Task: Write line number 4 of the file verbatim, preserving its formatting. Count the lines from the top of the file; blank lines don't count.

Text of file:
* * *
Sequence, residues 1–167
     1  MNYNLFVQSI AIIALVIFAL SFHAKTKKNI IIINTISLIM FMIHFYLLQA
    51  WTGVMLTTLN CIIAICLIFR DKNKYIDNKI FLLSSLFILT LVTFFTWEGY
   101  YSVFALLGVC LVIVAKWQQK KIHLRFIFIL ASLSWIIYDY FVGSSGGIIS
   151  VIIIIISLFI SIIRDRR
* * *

   101  YSVFALLGVC LVIVAKWQQK KIHLRFIFIL ASLSWIIYDY FVGSSGGIIS